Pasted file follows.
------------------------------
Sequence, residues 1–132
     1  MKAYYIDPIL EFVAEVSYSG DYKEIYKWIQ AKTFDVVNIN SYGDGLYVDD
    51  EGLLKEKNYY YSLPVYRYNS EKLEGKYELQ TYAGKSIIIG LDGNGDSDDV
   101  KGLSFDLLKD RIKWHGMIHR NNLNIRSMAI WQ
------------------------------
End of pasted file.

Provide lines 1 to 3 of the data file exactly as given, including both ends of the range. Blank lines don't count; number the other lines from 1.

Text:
Sequence, residues 1–132
     1  MKAYYIDPIL EFVAEVSYSG DYKEIYKWIQ AKTFDVVNIN SYGDGLYVDD
    51  EGLLKEKNYY YSLPVYRYNS EKLEGKYELQ TYAGKSIIIG LDGNGDSDDV